Extending the Grazing Season and Integrating Crops and Livestock to Sustain Small Farms and Ranches in the Southern Rockies

Project Overview

Project Type: Research and Education
Funds awarded in 1995: $141,602.00
Projected End Date: 12/31/1999
Matching Non-Federal Funds: $9,978.00
Region: Western
State: New Mexico
Principal Investigator:
Dr. Steven Guldan
New Mexico State University

Annual Reports


  • Agronomic: grass (misc. perennial), hay, oats, rye, vetches
  • Vegetables: sweet corn, turnips
  • Animals: bovine


  • Animal Production: feed/forage, grazing - rotational, pasture renovation, stockpiled forages, winter forage
  • Crop Production: cropping systems, intercropping, multiple cropping, relay cropping
  • Education and Training: demonstration, extension, on-farm/ranch research, participatory research
  • Farm Business Management: budgets/cost and returns, new enterprise development, whole farm planning
  • Production Systems: integrated crop and livestock systems


    [Note to online version: the original report contained tables and figures that it was not possible to include here. The regional SARE office will be happy to send you a complete hard copy of the original report. Just contact Western SARE at (435) 797-2257 or wsare@ext.usu.edu.]

    The primary goal of our project is to develop forage production systems that extend the grazing season in the fall and provide more forage in the spring through overseeding of vegetable crops and irrigated pastures, and increased integration of crops and livestock. Overseeded species tested have included forage Brassicas, hairy vetch, winter rye, spring and winter oats, and triticale. The project includes a grazing study to determine the profitability of overseeding several of these crops into sweet corn to increase the forage value of the stover after sweet corn harvest. Sweet corn was harvested in August. Corn stover and annual forages were sampled in early November, and the fall grazing trial was conducted immediately thereafter. Paddocks were intensively grazed using stocker heifers for 4-5 weeks in the first two cycles of the trial, and about 9.5 weeks in the third cycle of the trial. In 1996 and 1997, total available forage was increased from 42 to 81 percent by overseeding oats or turnips, and overall nutritional quality was improved. Cattle average daily gain (ADG) and total gain per acre were not significantly improved by overseeding annual forages in either 1996 or 1997; however, the animals perhaps could have grazed longer in the oats and turnips treatments in 1996 and in the oats treatment in 1997 based on the amount of forage still left in the field in those treatments after cattle were removed. In 1998, however, average ADG and total gain per acre were improved substantially by overseeding forages. Preliminary economic analysis results from fall grazing indicate that, in terms of net gain per animal from grazing after subtracting overseeding costs, grazing oats and turnips were about as good as the control in year 1, but much better in year 3. In year 2, the control outperformed both the oats and turnips. Grazing turnips in year 2 would have resulted in the lowest returns and in year 3 the highest returns. Results from a second grazing study, spring grazing of rye and hairy vetch overseeded into sweet corn, indicate that stocker heifer gains were similar for both overseeded crops; ADG ranged from 1.6 to 1.9 for rye and 1.3 to 1.9 for hairy vetch. In the first and second year, hairy vetch forage was generally still available after the rye had been consumed, and so, for most of the replications, the animals were put back onto the hairy vetch after weighing for several more days of grazing. Trials were carried out at various farmer/rancher cooperator sites throughout the region and at the Alcalde Center in which pastures were overseeded with various summer and/or winter annual forages. We had limited success with summer annuals, and found that winter-annual forages, especially in the higher elevations where growing seasons are shorter, may offer a better chance to extend the grazing season of pastures through increased productivity the following spring or summer; but, there needs to be a good stand established by fall of the overseeding year.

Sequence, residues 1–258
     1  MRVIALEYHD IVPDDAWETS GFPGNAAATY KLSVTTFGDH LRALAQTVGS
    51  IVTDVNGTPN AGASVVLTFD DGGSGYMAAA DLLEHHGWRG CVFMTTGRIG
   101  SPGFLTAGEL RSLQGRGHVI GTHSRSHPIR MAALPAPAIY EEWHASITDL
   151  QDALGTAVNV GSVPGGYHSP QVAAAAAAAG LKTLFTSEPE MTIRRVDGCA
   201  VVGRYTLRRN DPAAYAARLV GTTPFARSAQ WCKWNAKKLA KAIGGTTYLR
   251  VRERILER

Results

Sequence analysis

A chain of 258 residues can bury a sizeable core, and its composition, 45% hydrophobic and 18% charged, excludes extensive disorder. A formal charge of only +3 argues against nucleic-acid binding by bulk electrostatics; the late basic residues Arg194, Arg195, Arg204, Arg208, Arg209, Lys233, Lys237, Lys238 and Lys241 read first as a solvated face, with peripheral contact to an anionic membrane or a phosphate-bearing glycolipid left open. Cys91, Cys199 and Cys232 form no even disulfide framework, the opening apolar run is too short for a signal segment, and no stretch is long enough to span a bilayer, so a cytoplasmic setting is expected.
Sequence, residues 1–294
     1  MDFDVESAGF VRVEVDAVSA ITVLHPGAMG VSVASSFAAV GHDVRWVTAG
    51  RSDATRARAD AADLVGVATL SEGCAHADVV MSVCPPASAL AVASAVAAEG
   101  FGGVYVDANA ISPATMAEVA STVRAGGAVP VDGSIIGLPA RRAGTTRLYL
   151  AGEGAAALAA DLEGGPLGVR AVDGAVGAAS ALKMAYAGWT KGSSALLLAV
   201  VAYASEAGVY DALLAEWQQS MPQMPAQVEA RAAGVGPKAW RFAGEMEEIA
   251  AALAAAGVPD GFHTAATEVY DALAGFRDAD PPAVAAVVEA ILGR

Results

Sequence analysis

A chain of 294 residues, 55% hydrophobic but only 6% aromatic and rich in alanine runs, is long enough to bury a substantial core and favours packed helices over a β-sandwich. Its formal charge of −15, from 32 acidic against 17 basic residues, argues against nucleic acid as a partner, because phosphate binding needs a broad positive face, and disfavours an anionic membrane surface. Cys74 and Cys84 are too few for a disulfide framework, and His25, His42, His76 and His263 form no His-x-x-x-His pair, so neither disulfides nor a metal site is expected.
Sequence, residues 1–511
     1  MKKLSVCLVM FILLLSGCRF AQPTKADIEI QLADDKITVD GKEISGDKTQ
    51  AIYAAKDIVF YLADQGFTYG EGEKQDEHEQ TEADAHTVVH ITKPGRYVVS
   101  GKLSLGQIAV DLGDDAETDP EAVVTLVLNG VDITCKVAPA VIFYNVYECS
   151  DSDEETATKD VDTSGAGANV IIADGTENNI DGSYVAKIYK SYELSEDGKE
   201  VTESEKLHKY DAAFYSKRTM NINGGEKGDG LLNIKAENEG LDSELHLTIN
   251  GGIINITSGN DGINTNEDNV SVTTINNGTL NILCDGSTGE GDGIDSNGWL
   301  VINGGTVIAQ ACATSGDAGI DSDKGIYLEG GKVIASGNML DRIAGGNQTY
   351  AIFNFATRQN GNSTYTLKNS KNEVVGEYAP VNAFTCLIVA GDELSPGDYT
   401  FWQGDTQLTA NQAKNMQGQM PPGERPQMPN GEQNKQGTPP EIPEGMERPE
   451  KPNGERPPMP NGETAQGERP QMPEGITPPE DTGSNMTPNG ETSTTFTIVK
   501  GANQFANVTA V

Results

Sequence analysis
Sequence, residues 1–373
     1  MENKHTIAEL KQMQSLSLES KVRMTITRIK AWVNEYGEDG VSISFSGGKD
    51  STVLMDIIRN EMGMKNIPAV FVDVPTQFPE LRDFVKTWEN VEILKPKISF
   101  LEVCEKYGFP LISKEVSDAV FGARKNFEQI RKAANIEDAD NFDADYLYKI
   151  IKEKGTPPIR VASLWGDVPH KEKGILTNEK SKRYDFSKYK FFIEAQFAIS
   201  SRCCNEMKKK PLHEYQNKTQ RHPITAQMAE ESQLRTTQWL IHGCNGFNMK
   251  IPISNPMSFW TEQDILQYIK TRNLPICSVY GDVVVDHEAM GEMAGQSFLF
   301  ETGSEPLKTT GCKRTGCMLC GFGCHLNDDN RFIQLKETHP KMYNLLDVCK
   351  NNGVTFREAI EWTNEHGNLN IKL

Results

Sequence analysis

Project objectives:

    Objective 1: To determine the ability of forage Brassicas and oats (Avena sativa L.) to provide late-season forage, and hairy vetch and winter rye (Secale cereale L.) to provide early-season forage, when overseeded into sweet corn stalks.

    Objective 2: To determine the profitability of overseeding forage Brassicas, oats, hairy vetch, and winter rye into sweet corn stalks in terms of heifer average daily gain.

    Objective 3: To determine the ability of forage Brassicas and spring oats overseeded into established pastures to provide increased late-season forage.

    Objective 4: To disseminate to farmers and ranchers the results of the project.

    Any opinions, findings, conclusions, or recommendations expressed in this publication are those of the author(s) and do not necessarily reflect the view of the U.S. Department of Agriculture or SARE.